unnamed(1)Bill travels a lot as a defense contractor, so a time efficient workout is important to him. He explains the value of The Perfect Workout, “There’s no messing around. You’re in and out. This is very intense, and not for the person who’s not dedicated. You have to want it.”

Calling Bill Younis a fan of The Perfect Workout would be an understatement. If you didn’t know any better, you’d think he was a paid staff member whose sole purpose was to sing the praises of slow-motion strength training. He’s not, of course. He simply can’t think of any better way to get great results in such little time. “This is the best thing that ever happened to me, workout-wise,” he says. You have to understand a few things about Bill. He doesn’t have a lot of time, he’s extremely disciplined, and he already belonged to an exclusive athletic club where he lives when he heard about The Perfect Workout.

He takes working out very seriously, especially after a heart attack when he was 54. After that, he knew he needed to make some changes. In a five-year period at his other club, Bill went from 256 pounds down to 210. He was religious about his workouts there, spending 90 minutes per session, three or four times a week.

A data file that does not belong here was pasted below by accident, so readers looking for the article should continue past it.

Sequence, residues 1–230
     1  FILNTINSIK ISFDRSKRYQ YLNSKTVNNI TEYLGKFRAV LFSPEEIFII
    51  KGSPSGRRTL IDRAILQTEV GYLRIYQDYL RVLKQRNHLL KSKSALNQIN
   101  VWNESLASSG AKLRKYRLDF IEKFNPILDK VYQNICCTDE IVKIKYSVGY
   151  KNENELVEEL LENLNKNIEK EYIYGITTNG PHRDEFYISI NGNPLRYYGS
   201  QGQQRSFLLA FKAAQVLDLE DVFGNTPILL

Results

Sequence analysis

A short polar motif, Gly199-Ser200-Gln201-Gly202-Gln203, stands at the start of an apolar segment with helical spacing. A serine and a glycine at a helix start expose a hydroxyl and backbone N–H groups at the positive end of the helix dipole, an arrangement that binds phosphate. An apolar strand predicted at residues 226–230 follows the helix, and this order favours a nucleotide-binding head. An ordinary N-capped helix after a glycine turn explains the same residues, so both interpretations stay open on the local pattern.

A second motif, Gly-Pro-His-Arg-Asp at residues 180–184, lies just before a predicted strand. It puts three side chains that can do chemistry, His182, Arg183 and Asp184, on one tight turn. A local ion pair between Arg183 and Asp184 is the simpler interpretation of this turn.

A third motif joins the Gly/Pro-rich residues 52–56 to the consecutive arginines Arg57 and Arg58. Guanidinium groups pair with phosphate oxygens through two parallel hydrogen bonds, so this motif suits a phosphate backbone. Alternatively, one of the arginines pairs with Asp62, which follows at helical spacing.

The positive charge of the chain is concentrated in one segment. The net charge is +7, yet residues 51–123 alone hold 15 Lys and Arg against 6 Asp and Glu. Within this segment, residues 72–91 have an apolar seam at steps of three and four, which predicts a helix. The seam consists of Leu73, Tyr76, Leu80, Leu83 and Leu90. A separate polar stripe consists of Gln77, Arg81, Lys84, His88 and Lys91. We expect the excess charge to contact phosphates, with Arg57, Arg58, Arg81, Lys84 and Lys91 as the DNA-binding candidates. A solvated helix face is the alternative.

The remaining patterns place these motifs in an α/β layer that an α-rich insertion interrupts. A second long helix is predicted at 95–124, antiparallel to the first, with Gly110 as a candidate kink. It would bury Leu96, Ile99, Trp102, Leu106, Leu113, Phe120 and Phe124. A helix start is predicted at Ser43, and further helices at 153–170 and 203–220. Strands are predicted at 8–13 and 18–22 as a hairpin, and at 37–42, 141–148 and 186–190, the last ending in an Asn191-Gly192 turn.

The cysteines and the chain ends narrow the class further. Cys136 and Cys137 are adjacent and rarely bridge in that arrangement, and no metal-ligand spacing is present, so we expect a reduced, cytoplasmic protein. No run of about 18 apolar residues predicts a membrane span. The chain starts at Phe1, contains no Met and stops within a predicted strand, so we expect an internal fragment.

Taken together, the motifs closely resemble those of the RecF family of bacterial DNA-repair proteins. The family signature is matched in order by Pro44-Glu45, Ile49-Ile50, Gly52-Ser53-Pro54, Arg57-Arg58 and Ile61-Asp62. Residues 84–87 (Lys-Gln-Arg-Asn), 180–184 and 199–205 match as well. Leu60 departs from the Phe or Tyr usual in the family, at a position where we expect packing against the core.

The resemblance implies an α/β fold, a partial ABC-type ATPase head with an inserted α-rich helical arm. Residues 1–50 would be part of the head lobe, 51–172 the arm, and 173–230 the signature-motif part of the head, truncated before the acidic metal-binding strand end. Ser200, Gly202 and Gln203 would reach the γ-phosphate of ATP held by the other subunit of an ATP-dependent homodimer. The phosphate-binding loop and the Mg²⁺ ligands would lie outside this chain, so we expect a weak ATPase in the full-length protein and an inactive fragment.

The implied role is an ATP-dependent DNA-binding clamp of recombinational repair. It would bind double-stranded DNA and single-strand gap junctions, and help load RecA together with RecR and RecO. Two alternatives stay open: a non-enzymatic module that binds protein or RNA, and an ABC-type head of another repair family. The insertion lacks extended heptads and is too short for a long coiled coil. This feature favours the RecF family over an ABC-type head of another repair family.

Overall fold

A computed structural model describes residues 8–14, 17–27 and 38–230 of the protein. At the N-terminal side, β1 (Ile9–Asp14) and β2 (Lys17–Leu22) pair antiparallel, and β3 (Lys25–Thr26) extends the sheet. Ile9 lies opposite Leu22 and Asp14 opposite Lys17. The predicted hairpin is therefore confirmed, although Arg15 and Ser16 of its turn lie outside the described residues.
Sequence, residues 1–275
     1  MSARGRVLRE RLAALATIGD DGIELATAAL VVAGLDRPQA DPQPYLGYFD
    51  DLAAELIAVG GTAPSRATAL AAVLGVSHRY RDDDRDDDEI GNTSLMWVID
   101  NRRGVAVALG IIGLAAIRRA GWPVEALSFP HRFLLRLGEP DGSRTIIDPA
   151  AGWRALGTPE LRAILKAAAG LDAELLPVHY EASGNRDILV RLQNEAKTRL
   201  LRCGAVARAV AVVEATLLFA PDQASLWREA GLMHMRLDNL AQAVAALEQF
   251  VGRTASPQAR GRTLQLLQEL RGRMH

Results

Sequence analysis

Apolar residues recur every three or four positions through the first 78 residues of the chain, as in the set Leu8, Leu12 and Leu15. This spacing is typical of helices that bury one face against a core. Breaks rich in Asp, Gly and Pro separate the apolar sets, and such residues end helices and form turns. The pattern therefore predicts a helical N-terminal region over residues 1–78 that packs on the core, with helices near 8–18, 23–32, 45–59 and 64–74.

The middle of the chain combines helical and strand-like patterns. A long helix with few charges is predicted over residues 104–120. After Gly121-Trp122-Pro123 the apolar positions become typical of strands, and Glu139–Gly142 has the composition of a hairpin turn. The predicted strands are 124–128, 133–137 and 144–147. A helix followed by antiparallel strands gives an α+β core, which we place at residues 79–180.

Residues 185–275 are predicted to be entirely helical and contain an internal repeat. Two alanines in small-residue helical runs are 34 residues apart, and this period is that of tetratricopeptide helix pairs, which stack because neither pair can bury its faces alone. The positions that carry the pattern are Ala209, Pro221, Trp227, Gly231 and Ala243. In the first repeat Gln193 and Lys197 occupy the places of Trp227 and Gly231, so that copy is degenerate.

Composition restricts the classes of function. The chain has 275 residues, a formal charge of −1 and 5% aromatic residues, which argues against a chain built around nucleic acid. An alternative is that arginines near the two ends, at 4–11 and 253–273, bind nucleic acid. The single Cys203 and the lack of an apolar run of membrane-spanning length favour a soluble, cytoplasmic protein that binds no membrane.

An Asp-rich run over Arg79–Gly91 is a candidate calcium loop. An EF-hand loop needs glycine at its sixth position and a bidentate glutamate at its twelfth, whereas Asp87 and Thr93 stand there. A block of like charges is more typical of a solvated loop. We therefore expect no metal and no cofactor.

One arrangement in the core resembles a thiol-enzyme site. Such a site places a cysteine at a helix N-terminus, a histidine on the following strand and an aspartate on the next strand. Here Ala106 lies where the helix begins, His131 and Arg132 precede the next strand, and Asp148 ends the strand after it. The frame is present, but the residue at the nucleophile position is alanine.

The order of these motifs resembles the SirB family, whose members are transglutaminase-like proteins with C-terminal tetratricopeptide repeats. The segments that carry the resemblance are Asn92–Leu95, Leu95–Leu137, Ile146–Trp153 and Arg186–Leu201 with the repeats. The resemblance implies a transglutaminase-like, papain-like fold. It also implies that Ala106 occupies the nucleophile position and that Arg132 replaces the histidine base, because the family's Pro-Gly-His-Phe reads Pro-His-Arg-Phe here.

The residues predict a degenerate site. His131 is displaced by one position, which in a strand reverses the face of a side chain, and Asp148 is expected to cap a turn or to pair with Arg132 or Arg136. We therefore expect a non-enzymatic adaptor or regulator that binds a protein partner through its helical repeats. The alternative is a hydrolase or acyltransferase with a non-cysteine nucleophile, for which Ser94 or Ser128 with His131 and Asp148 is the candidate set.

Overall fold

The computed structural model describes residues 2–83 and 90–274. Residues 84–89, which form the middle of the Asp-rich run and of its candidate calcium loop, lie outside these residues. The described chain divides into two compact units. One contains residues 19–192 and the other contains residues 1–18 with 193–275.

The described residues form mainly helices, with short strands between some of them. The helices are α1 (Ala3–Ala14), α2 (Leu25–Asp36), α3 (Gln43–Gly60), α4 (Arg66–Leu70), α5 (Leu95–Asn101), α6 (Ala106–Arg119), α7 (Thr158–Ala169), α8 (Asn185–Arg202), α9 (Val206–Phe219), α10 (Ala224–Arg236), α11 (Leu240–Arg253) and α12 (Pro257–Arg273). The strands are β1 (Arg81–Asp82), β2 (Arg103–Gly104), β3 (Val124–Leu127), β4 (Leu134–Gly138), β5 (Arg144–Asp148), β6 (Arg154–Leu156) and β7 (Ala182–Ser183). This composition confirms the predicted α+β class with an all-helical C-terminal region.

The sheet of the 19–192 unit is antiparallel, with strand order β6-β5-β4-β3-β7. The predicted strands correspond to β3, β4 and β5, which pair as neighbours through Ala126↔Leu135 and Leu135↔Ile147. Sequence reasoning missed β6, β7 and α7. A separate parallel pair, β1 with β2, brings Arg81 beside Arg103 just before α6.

Everything was great, but he hit a plateau, the equipment there was older technology, and there were a lot of needless conversations with other members, which stretched his workouts out too long. That was the biggest issue – time. Bill is a busy guy and doesn’t have time for social chitchat at the club. The workouts had to fit into his schedule since he travels a lot as a defense contractor.

His business partner’s wife told him about The Perfect Workout, and it seemed to fit what he was looking for exactly. “There’s no messing around. You’re in and out. This is very intense, and not for the person who’s not dedicated. You have to want it.” Bill credits the one-on-one personal training for a lot of his success. “My trainers, Soraya and Nicole, wring me out! It’s amazing what you can do in 20 minutes. I’m completely spent.” He says Soraya is encouraging, knows how to get the best out of him, and is great at communicating results to him after each exercise. “This is serious business. It reminds me of football practice. You live and die by the stopwatch.”

Bill loves that aspect of The Perfect Workout – the way he and his trainer can meticulously track all the numbers, including his weight, number of seconds on each exercise, amount of weight lifted, inches lost, body fat percentage, and more. He knows that his average weight now is 198.6, exactly where he was at age 28. His arms are looking good, his abs are carved up (going for the “six-pack” look), and that dreaded love handle syndrome? It’s pretty much gone. The results impressed his girlfriend so much that she’s planning to join now, too.

One thing that bothers Bill is how much people focus on the cost. “Everyone is so worried about the cost of a personal trainer. Think about it. If you’re doing 30-minute sessions at $50-60 each, three times a week, that’s far more than The Perfect Workout. And there’s no benefit to doing it more than two days a week. This is a very good value. When it comes to food and exercise, that’s not where you want to compromise. Money
is a non-issue. How bad do you want it?”